• Thanks, Claudine. It’s sitting on my desk now. I love it, of course. I actually took the plunge and wrote to an author whose writing I admire and books I adore and told her what I was doing. She said to keep writing an gave me some good advice. Reading is key. I squeeze mine in during my train journey to and from work and the weekends. It’s tough. As for your last comment I couldn’t agree more. I arrived at that conclusion last might when I had a rejection on a short story I had written. It’s a good story (says the writer) but it didn’t fit for them.. For the first time EVER I didn’t take it personal.

  12. Beautiful post, Brenda. I love your writing and am waiting to buy that book of yours:) I am so envious of how you squeeze time in your busy day to write, write, write. I am too often distracted by other things and it is something I hate about myself, because it never makes me feel good.

    Characters do come to you in strange ways. I love the layers, peeling back the facade on what they look like, wear etc. and delving deeper into their persona histories and psyches. It’s like getting to know anyone, really.

    • Melissa, It’s the hardest habit to make (kind of like exercise) and I give up a lot to write, but I that’s part of the commitment. I have a read of this post on author, Cathy Lamb’s blog, titled, ‘Blunt Advice if you want to be a writer. What she says is true. Best with your writing. When you’re truly ready for it, you’ll shut out the world for your story. And if you are not and simply enjoy writing for the sake of it, then enjoy it for the peace it brings you.

  13. June O'Hara

    Beautiful, as always. I only write non-fiction (damn!) but the process fascinates me. As does your prose. Again, beautiful.

    • June, I am in the honeymoon phase of writing and enthralled by the process. I should move on to different topics but while in the zone, must enjoy the zone perks.

  14. Wonderful post! I am starting a new project, filling up files with background information for the characters. Even though I don’t know them very well, I am itching to start writing their story.

    • Janel – it’s a wonderful feeling going through the process. I don’t follow an exact process when I write ( although I wish I did because it might save editing time on the back end…maybe)..Enjoy and thanks much for stopping by.

  15. As I enter a horrific time at my day job where I forget things like apply deodorant in the morning (better stand downwind) I am yet in that magical, wonderful place of falling in love with some new characters, their quirks, their problems.

    You describe the firefly feeling so well, I am jealous.

    • I am sorry about your busy period. I wish I had those instead of the ebb and flow all year round–although then I would want the all at once time of year. Then again, I’d like to be working for a start up and wondering if I am going to get paid. :-) Never happy, maybe I’ll be a writer instead. Hang tight, sweetie, you’ll get through the other side.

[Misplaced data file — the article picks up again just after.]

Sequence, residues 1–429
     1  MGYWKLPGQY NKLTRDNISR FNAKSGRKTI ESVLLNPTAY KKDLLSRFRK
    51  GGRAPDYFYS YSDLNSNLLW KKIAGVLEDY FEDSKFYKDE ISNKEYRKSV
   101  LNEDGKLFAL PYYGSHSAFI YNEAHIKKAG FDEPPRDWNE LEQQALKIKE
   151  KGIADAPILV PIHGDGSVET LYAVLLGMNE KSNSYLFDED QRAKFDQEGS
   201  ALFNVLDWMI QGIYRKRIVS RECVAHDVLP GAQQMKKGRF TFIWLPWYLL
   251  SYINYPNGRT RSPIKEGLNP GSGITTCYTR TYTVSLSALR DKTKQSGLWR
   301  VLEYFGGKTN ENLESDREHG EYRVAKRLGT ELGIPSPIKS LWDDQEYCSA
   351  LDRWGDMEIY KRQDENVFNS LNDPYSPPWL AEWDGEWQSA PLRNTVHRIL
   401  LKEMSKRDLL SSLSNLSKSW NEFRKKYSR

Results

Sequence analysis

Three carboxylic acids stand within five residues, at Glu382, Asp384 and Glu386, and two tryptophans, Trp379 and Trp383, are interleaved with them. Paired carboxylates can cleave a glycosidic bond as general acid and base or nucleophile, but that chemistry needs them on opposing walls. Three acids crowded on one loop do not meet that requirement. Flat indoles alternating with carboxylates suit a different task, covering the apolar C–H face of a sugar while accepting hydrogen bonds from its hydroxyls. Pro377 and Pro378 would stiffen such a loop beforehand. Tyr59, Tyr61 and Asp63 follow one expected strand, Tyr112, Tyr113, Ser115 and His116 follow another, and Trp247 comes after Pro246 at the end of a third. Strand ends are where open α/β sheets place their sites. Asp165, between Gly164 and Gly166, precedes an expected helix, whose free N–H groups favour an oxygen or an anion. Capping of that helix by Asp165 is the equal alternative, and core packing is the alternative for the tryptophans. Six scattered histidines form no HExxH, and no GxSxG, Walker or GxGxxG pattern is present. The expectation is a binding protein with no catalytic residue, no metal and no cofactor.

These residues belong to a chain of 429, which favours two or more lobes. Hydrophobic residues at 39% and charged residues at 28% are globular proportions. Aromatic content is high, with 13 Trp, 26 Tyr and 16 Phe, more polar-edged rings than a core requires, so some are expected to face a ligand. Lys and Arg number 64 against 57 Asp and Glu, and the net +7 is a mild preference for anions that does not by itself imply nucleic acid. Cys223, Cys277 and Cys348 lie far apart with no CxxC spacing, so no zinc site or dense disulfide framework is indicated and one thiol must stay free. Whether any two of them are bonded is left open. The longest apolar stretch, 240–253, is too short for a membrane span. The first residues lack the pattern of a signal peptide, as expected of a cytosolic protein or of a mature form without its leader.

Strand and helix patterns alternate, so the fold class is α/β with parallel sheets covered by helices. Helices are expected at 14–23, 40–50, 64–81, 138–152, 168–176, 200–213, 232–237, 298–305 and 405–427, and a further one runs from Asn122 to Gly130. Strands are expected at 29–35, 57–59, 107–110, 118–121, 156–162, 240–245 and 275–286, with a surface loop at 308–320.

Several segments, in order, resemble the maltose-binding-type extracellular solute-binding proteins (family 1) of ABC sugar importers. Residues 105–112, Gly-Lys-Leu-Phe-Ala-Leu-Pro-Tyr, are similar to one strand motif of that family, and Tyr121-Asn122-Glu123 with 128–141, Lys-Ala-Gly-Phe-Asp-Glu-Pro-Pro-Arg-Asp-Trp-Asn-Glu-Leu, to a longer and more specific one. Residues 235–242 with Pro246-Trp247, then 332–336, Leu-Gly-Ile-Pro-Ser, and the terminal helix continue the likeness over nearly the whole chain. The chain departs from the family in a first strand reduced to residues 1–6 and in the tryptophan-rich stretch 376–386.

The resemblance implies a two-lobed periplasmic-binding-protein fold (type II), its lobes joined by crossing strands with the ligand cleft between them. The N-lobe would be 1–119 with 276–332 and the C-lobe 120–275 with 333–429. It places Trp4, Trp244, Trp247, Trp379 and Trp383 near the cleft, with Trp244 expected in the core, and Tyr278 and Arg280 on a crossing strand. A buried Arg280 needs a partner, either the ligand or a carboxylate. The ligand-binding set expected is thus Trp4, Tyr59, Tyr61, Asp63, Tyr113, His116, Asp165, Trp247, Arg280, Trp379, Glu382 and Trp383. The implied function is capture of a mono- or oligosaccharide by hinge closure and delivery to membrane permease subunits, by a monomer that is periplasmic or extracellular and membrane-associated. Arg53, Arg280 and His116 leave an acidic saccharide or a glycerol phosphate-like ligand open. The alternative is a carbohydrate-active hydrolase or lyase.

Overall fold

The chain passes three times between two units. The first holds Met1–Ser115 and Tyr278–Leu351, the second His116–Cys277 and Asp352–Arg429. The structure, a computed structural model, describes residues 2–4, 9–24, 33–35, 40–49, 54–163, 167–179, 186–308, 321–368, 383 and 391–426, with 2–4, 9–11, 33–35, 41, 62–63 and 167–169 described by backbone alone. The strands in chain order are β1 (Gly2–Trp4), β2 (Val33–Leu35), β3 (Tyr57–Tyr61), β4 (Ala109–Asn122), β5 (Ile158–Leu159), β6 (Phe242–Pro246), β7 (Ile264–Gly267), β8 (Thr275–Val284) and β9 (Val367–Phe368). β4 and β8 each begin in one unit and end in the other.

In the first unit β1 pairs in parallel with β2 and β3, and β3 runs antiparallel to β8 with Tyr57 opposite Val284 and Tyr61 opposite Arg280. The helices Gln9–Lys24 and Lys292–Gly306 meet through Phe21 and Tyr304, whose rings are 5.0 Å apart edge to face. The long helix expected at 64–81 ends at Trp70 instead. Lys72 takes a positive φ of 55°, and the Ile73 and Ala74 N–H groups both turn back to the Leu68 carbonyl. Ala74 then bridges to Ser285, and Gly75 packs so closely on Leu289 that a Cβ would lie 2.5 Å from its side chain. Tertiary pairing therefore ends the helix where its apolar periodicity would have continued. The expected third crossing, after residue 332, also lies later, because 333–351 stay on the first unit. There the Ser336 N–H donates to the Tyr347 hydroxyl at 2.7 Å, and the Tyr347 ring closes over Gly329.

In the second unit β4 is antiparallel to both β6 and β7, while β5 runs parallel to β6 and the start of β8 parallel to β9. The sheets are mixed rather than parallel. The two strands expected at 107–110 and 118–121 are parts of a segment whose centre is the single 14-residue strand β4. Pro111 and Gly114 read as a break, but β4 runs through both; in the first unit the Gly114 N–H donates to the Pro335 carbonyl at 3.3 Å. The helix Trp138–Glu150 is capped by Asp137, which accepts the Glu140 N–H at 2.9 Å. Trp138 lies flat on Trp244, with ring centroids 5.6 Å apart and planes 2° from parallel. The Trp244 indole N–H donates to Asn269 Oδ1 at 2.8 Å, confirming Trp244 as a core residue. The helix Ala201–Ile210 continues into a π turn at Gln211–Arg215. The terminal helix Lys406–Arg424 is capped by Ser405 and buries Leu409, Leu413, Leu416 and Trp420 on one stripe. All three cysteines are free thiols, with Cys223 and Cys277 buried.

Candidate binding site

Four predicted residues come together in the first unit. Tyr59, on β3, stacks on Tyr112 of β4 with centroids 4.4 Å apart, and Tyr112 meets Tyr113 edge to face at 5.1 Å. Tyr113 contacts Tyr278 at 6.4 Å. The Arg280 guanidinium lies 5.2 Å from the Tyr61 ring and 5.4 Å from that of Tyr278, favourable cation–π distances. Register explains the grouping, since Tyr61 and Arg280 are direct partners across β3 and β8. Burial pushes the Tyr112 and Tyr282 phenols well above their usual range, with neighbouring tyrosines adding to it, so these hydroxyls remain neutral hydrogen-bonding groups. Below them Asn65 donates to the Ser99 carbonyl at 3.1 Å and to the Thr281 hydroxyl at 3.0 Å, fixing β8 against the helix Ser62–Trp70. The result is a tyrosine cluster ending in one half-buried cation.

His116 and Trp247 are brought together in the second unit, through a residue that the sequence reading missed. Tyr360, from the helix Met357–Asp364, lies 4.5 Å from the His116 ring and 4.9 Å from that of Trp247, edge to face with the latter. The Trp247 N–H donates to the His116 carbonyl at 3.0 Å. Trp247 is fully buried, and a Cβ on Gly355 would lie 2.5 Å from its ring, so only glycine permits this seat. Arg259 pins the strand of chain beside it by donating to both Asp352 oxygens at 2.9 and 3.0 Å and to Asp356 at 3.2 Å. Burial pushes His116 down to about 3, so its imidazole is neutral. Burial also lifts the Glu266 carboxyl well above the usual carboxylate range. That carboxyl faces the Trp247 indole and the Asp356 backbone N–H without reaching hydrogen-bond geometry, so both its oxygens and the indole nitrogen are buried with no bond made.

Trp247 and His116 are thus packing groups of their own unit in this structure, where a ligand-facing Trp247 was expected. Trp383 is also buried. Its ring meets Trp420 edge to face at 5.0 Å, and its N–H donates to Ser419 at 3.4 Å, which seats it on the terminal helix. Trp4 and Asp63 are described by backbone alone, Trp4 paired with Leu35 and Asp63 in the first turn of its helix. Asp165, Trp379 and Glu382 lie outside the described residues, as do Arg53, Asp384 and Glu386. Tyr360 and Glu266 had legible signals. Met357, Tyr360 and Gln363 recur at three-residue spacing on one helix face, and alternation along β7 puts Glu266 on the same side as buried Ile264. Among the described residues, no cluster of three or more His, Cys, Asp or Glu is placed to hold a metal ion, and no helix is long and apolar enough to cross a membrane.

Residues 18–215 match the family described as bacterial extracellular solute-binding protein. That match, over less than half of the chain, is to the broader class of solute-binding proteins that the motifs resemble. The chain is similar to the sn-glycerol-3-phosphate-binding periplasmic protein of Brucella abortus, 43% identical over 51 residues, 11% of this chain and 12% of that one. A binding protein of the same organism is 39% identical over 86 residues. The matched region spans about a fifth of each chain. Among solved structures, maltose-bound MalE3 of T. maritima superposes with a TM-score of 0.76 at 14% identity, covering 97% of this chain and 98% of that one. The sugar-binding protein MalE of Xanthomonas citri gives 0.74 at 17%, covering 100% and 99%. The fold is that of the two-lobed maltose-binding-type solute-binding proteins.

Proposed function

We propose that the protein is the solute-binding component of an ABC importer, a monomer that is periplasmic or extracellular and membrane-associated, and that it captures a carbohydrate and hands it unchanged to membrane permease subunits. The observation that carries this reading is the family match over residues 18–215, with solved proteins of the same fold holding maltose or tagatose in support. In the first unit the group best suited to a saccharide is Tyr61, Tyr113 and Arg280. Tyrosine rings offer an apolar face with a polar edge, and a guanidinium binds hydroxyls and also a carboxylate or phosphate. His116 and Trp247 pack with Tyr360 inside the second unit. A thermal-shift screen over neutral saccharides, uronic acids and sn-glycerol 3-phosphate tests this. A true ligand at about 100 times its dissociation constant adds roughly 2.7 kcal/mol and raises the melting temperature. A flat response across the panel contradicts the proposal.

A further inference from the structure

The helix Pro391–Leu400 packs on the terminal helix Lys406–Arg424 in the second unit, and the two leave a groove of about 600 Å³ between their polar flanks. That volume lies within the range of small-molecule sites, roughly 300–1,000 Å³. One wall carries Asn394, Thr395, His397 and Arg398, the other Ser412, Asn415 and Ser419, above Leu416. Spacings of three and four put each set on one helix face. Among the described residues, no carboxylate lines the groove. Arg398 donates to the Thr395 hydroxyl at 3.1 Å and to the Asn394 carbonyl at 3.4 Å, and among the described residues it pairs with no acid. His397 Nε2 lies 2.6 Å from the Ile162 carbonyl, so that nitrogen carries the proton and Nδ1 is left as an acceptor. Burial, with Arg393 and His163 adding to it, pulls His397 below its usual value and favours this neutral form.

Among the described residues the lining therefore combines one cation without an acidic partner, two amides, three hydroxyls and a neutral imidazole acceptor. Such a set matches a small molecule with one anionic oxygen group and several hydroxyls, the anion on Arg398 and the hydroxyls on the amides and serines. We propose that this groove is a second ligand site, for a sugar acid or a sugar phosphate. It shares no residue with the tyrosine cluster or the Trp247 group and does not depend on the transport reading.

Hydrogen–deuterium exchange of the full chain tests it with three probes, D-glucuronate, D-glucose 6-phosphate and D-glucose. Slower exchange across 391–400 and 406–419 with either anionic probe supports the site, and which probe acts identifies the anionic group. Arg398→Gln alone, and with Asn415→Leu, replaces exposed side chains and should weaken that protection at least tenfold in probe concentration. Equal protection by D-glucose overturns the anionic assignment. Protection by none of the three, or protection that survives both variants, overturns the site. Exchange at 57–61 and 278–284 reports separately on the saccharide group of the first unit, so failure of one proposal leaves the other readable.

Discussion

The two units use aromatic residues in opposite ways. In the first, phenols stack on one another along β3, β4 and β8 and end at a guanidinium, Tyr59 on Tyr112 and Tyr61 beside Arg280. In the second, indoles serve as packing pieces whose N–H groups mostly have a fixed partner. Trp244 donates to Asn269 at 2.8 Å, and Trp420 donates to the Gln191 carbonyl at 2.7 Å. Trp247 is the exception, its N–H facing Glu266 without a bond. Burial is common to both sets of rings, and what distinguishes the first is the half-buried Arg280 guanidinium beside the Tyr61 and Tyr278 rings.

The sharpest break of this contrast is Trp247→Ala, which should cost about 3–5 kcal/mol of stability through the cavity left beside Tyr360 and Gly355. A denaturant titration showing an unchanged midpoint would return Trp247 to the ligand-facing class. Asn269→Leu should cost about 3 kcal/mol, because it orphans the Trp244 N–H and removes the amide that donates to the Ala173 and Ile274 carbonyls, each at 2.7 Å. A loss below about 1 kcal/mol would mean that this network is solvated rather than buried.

16. *****. It’s half way between reality and where a trillion fireflies light up the dark side of the unknown. A writer’s well of words, a storage chest of possibility, an empty room that fills upon entry. It’s a place of wonder, where words flit about on the wings of doves. ***

    Brenda, You. Take. My. Breath. Away.

    Xxxx WOW.

    • Kim, you do make me smile. We share a passion you and I. We live to write, write to live, love to write, live to love. Keep you heart open and what you seek will find you when you least expect it, my sweet woman.

  17. When what I’m looking for is just out of reach, I guess I read YOU, ’cause that’s what I’m doing right now — haha! Mostly I ‘incubate’ — let my mind work it out while I go on with life. As deadlines approach, I start to force myself to write something and I’m usually pretty surprised when it all starts coming together on the page. So, um, this is Thursday night and the deadline is looming, Saturday…or maybe Sunday… We’ll see how it all turns out. Good luck to you with your incubating (or birthing) process, too!!! XO

    • Oh Linda, tingles. I suspect you do what do with that camera of yours most every day. I know what you mean about it coming together- isn’t that an amazing feeling, even if it’s at the last minute. I don’t have deadlines, except for the ones I put on myself. Thanks much for you wonderful comments. I too look to other writers for inspiration. Gook luck with your project, I’m sure you’ll make it.. don’t we always.

  18. As a newb, I learn so much from your posts! Just stellar in their worth and in their words! My week-long ski trip left little time for writing but lots of time for fresh air, exercise and sleep. I had some pretty intense dreams – don’t know what that was all about!!
    Sadly when what I am looking for is just out of reach, I tend to procrastinate. A viscious circle really, because it’s usually time itself that is just out of my reach and procrastination makes it worse. Hmm… irony.
    Great post!

    • Astra, I read once regardless if a writer has written a dozen books, each time he/she sits down to write the next one that it feels like the first. Sure there are lessons learned along the way but each story is new and presents the same challenges. As I’ve started a second book (I think I am supposed to say WIP, but it feels odd to me) that it is going so much smoother (the writing anyway) so I did learn from the first experience, still the story remains new. I lay in bed at night and think..”damn, I forgot about this. .. or she really needs to sound like this, and not that…” In this way I am still a newbie, too. Glad to share my blisters with you. I am thinking I need an island holiday. Now that you mention weird dreams. I had the strangest one last night…